The U.S. feared a major Arab-Israeli and superpower confrontation and asked Israel to delay military action pending a diplomatic resolution of the crisis. On May 23, U.S. President Lyndon Johnson publicly reaffirmed that the Gulf of Aqaba was an international waterway and declared that a blockade of Israeli shipping was illegal. In accordance with U.S. wishes, the Israeli cabinet voted five days later to withhold military action.

The U.S., however, gained little support in the international community for its idea of a maritime force that would compel Egypt to open the waterway and it abandoned its diplomatic efforts in this regard. On May 30, President Nasser and King Hussein signed a mutual defense pact, followed on June 4 by a defense pact between Cairo and Baghdad. Also that week, Arab states began mobilizing their troops. Against this backdrop, Nasser and other Egyptian leaders intensified their anti-Israel rhetoric and repeatedly called for a war of total destruction against Israel.

Arab mobilization compelled Israel to mobilize its troops, 80 percent of which were reserve civilians. Israel feared slow economic strangulation because long-term mobilization of such a majority of the society meant that the Israeli economy and polity would be brought to a virtual standstill. Militarily, Israeli leaders feared the consequences of absorbing an Arab first strike against its civilian population, many of whom lived only miles from Arab-controlled territory. Incendiary Arab rhetoric threatening Israel's annihilation terrified Israeli society and contributed to the pressures to go to war.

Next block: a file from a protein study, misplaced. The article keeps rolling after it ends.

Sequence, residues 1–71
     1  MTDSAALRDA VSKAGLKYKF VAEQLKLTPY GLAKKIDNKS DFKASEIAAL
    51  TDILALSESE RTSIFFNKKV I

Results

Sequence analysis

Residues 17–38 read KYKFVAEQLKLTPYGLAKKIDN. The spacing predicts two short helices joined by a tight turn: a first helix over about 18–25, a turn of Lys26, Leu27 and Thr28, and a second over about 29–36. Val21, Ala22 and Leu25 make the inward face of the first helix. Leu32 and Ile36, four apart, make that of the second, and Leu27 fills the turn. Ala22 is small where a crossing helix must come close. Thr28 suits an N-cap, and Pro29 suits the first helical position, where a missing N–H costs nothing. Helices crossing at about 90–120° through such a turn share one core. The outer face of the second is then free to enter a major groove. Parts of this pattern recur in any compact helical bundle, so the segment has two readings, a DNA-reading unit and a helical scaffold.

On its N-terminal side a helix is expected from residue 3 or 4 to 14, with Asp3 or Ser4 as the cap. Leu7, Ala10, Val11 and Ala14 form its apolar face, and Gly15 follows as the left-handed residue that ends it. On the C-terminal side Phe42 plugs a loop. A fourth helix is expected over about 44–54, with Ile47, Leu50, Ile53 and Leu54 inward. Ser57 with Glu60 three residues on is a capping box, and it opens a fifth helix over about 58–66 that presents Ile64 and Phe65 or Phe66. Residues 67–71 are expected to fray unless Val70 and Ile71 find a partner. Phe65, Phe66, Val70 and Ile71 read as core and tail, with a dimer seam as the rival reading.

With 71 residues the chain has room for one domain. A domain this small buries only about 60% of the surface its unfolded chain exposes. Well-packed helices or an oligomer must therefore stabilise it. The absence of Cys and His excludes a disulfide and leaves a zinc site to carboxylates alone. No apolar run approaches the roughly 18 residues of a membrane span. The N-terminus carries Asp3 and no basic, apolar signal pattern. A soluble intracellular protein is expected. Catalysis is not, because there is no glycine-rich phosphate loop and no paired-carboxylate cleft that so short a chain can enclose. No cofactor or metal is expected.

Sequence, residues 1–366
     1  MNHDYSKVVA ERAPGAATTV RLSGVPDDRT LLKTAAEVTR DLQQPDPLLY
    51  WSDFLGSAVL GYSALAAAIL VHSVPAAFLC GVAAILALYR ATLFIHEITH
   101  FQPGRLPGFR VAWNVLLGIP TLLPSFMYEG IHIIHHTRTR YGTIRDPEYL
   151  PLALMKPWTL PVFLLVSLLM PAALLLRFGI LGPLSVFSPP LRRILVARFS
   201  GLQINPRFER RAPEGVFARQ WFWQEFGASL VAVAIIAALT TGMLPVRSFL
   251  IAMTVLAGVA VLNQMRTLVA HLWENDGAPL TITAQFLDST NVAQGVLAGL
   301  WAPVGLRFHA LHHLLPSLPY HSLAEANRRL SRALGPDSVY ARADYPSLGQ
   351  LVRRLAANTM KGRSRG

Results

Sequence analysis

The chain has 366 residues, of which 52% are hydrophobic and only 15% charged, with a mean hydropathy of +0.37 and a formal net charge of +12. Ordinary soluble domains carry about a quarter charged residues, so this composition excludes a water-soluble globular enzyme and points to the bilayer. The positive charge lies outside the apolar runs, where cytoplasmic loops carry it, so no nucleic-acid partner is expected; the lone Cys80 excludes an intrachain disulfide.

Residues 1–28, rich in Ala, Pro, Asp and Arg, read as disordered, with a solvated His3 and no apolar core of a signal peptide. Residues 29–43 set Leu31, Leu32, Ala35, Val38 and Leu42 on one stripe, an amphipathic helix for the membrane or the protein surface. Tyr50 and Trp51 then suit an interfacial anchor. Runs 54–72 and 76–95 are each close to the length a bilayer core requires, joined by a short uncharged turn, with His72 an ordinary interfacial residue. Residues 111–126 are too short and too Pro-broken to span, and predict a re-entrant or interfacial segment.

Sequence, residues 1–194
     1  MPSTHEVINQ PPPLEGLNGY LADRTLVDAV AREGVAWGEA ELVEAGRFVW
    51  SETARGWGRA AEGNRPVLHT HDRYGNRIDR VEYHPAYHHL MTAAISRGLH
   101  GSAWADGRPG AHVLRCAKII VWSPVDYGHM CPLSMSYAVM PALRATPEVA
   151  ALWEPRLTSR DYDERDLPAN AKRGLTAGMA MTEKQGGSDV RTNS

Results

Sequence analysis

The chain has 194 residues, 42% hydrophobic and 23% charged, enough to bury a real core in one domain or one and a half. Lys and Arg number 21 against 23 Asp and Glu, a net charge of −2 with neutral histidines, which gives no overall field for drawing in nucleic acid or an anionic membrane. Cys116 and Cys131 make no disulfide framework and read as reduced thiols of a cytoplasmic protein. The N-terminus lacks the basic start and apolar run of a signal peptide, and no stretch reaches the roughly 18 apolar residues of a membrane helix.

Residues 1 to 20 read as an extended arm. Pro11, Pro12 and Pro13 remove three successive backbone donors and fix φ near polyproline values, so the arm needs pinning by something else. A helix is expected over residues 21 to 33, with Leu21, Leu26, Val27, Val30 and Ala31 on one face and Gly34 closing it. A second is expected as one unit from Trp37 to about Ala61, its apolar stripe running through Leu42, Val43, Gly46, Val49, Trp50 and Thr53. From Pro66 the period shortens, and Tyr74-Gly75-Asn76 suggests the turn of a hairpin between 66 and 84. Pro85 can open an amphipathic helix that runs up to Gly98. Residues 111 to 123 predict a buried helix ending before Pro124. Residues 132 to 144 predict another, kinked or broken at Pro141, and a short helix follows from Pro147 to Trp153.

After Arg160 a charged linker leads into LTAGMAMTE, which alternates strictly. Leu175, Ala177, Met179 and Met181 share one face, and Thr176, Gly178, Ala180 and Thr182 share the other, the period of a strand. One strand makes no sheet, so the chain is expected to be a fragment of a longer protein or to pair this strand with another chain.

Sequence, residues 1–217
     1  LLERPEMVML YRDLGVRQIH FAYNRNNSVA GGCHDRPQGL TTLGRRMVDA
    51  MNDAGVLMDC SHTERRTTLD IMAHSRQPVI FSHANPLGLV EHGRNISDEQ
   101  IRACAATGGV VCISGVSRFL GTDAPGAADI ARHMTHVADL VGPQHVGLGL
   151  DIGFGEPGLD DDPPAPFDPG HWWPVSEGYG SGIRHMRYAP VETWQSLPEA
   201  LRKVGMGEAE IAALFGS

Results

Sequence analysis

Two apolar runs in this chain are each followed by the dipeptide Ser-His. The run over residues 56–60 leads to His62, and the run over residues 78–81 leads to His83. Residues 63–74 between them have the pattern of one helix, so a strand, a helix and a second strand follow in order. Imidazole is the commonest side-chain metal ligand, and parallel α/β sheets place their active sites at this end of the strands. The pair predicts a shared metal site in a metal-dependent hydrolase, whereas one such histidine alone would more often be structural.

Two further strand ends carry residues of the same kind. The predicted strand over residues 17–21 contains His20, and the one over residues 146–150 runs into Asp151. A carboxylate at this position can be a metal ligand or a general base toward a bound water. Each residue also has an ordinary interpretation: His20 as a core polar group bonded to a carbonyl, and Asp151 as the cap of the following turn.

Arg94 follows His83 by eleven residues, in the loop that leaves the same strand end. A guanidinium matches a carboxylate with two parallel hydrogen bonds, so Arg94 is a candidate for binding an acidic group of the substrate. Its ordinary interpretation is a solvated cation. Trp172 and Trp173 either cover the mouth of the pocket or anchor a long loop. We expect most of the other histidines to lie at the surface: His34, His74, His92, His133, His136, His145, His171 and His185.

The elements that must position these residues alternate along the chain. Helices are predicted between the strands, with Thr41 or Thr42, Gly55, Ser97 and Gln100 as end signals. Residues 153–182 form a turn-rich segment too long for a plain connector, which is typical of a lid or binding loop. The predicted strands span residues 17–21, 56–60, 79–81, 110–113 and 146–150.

Against this background, Israel launched a pre-emptive strike against Egypt on June 5, 1967 and captured the Sinai Peninsula and the Gaza Strip. Despite an Israeli appeal to Jordan to stay out of the conflict, Jordan attacked Israel and lost control of the West Bank and the eastern sector of Jerusalem. Israel went on to capture the Golan Heights from Syria. The war ended on June 10.

The facts are that the Palestinians have refused a State of their own twice already: in 1948 and in October, 2000.

Israeli Prime Minister Ehud Barak and US President Bill Clinton offered the following to the Palestinians:
An independent Palestinian State, recognized by Israel and the rest of the World.
Control over 95% of the West Bank and Gaza (see the Maps and history pages for details).
Control over part of Jerusalem.

Arafat and the Palestinian Authority, the Islamic Jihad, the Hamas, and other Palestinian terrorist groups chose to continue their armed struggle through terrorist attacks against Israeli civilians. These attacks include random shootings against women, children and passers-by in any street in Israel or homicide/suicide bombers who attach kilograms of explosives to their bodies and blow themselves up in malls or busy streets.

Between September 29, 2000 and December 1, 2005, Magen David Adom treated a total of 7,590 casualties as follows:
976 killed, 621 severely injured, 907 moderately and 5,086 lightly injured, among them 11 MDA staff members.
(IDF casualties treated by IDF medical personnel are not included in these figures.)

Magen David Adom (MDA) is Israel's emergency medical, health, blood and disaster services.